Farmers and ranchers may believe that the easiest way to plan their estates and avoid probate is to own property in joint names with family members, establish payable on death (POD) or transfer on death (TOD) accounts, and name family members as beneficiaries of their life insurance policies and retirement accounts. Relying on joint accounts and beneficiary designations is a huge mistake on many fronts.
For example, enrolling jointly owned farmland or ranch property in programs administered by the U.S. Department of Agriculture may result in subsidies being left on the table. In addition, farmers and ranchers are giving up control of their real estate by owning it directly with others. Business entities (corporations, partnerships, and limited liability companies) or trusts are the better options for maximizing subsidies, minimizing liability, and retaining control.
Some farmers and ranchers have taken the time to make an estate plan, but the use of joint property with rights of survivorship, POD or TOD accounts, and individual beneficiary designations on life insurance policies and retirement accounts can frustrate the intent of the estate plan. This is because these assets pass outside of the will or trust. In addition, outright distributions will not be protected from creditors, predators, and lawsuits.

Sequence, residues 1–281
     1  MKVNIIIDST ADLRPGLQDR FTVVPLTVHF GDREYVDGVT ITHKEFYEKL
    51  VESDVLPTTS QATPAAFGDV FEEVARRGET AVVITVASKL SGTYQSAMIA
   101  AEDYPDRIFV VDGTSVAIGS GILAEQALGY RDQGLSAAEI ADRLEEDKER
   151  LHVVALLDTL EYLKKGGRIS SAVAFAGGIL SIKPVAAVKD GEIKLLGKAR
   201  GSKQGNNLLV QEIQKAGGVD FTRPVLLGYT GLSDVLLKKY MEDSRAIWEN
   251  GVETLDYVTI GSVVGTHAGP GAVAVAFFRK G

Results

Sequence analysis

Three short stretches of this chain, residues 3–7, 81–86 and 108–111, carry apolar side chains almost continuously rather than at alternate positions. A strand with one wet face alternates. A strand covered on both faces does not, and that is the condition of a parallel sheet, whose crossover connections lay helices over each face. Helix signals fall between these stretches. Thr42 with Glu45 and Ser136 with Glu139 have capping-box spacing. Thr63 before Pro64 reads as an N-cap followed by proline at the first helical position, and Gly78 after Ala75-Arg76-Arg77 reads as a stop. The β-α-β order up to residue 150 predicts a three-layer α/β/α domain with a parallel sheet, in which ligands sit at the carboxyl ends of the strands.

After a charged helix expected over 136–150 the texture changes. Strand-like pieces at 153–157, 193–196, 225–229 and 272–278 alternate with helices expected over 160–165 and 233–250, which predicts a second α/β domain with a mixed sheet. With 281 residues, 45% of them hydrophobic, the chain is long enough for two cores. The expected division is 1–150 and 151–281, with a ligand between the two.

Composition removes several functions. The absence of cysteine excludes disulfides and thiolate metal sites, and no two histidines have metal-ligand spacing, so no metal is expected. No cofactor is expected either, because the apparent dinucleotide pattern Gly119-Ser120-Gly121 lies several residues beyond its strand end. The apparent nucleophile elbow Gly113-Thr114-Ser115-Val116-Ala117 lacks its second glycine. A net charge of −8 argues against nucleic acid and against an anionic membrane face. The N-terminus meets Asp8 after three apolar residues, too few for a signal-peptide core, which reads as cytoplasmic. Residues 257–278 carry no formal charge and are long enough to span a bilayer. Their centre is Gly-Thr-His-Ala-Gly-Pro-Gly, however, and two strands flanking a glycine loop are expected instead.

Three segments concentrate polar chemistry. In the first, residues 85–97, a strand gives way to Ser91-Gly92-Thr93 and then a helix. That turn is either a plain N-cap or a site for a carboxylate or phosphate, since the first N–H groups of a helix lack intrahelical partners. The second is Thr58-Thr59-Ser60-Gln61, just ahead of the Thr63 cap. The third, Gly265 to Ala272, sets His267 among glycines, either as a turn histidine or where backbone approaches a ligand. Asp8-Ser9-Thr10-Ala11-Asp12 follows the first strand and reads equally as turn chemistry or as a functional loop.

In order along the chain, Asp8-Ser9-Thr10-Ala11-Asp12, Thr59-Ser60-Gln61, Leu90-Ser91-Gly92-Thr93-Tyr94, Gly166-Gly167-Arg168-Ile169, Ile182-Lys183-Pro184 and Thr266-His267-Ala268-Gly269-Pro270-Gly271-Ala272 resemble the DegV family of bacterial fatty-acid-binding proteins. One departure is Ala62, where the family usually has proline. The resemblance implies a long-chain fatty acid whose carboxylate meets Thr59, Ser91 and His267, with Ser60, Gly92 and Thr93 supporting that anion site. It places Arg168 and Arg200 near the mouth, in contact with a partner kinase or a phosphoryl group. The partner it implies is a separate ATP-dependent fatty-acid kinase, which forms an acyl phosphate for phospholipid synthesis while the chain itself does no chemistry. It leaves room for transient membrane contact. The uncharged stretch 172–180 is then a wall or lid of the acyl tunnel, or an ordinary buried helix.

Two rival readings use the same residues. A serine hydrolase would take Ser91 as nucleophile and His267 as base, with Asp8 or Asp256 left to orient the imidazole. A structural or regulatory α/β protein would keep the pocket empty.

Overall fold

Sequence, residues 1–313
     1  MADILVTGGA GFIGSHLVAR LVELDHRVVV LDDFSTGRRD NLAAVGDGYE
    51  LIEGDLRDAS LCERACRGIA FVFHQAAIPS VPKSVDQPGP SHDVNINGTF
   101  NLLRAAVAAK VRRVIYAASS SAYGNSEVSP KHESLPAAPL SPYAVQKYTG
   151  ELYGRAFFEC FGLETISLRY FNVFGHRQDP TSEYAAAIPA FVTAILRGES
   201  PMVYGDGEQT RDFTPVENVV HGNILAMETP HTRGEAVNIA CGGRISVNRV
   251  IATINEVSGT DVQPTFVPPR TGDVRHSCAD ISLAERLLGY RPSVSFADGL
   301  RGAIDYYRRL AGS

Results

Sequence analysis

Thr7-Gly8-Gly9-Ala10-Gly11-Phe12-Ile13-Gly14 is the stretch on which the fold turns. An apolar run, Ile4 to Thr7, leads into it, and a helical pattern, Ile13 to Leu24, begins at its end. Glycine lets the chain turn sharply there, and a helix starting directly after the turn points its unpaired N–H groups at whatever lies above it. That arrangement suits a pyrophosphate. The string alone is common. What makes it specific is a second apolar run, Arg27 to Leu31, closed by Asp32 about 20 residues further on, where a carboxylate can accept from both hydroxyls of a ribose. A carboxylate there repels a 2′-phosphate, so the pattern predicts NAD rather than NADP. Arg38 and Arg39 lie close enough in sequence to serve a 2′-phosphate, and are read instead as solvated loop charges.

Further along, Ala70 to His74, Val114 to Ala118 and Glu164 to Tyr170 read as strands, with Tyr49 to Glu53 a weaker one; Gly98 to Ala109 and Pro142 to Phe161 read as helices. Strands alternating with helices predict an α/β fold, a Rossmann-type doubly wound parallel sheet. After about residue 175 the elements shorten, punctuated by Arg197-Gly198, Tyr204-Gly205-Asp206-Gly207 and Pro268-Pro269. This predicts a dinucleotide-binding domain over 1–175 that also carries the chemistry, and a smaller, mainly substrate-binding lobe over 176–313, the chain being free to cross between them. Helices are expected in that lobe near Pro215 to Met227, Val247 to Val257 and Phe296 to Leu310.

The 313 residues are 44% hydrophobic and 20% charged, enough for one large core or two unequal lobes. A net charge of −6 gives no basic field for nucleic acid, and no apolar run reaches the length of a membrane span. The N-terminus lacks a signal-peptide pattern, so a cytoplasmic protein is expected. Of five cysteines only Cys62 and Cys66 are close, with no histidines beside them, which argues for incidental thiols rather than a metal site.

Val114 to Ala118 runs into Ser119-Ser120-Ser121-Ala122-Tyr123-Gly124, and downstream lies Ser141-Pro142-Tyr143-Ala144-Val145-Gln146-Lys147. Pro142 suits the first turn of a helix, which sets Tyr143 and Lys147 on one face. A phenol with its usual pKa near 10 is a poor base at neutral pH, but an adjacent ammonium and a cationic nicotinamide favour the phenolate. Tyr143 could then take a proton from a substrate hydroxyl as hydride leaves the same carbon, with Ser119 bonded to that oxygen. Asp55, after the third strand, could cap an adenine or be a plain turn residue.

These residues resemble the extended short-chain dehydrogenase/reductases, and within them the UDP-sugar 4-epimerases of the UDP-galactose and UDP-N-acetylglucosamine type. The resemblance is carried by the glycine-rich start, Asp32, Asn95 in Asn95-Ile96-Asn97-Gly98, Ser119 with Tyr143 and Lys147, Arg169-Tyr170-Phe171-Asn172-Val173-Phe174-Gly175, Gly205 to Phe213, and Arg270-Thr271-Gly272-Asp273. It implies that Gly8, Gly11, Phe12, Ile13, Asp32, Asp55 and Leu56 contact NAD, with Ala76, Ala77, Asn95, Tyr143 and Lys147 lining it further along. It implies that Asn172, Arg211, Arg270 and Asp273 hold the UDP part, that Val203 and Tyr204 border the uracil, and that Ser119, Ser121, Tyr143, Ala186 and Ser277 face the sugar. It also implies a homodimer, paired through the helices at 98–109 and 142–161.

While joint and beneficiary assets will avoid probate, these assets will still be included in the taxable estate. This may create an estate tax liability at the state and/or federal level without a well-planned means for payment since the assets will go directly into the hands of the beneficiaries. In turn, other property that passes through intestacy or a will or trust will be used to pay the estate tax bill, potentially creating unfair and unequal inheritances.
Planning Tip #2: How property is titled often dictates who inherits it. Farmers and ranchers need to coordinate assets held in business entities and trusts with assets that are jointly owned or pass under a beneficiary designation. Otherwise intended heirs may end up with nothing and estate tax bills may cause unintended consequences.
Mistake #3 – Overlooking Liquidity Needs
Incapacity and death are expensive. Aside from day-to-day family expenses and medical bills, attorneys, accountants, trustees, and other administration expenses need to be paid. To make matters even more challenging, federal estate taxes are due within nine months of death, and state death taxes are also typically due within this same time frame.
Where will the farming or ranching family get the cash to pay these expenses? Farmland is illiquid as is farming equipment. Without properly planning for immediate and long-term cash needs, families may be forced to quickly sell land and equipment at a reduced rate.
Planning Tip #3: You are in the unique position to help farming and ranching clients assess their liquidity needs and create a plan for managing debt and expenses upon incapacity or death. You can assist with securing lines of credit and the proper amount of disability insurance, long-term care insurance, and life insurance. You can also collaborate with attorneys to add life insurance trusts, entity planning, and part gift/part sale arrangements in exchange for a note or private annuity.
Like any part of your life, your ranch needs to be considered more than just a hobby. It’s your business and needs to be treated as such. Just because you inherited it, or your “just a small town farmer” does not mean that you can overlook the basics of legacy planning. Instead, you should create a good estate plan to avoid the basic mistakes that farmers and ranchers make with regard to their property and legacies.